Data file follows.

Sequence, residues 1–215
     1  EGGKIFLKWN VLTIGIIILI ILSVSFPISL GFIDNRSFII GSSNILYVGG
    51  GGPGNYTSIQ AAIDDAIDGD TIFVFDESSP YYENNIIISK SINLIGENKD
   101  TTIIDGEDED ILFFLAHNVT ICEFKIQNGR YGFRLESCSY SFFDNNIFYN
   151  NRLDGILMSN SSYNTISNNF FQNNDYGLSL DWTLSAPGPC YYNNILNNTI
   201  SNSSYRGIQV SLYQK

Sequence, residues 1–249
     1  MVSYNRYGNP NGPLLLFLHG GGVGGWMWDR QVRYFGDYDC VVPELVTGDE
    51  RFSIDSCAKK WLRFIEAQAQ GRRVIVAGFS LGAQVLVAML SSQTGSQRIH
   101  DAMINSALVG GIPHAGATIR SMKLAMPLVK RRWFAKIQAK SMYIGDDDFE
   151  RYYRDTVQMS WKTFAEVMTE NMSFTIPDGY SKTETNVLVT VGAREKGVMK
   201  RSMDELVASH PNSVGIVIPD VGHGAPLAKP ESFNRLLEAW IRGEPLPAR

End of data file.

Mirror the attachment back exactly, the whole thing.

Sequence, residues 1–215
     1  EGGKIFLKWN VLTIGIIILI ILSVSFPISL GFIDNRSFII GSSNILYVGG
    51  GGPGNYTSIQ AAIDDAIDGD TIFVFDESSP YYENNIIISK SINLIGENKD
   101  TTIIDGEDED ILFFLAHNVT ICEFKIQNGR YGFRLESCSY SFFDNNIFYN
   151  NRLDGILMSN SSYNTISNNF FQNNDYGLSL DWTLSAPGPC YYNNILNNTI
   201  SNSSYRGIQV SLYQK

Sequence, residues 1–249
     1  MVSYNRYGNP NGPLLLFLHG GGVGGWMWDR QVRYFGDYDC VVPELVTGDE
    51  RFSIDSCAKK WLRFIEAQAQ GRRVIVAGFS LGAQVLVAML SSQTGSQRIH
   101  DAMINSALVG GIPHAGATIR SMKLAMPLVK RRWFAKIQAK SMYIGDDDFE
   151  RYYRDTVQMS WKTFAEVMTE NMSFTIPDGY SKTETNVLVT VGAREKGVMK
   201  RSMDELVASH PNSVGIVIPD VGHGAPLAKP ESFNRLLEAW IRGEPLPAR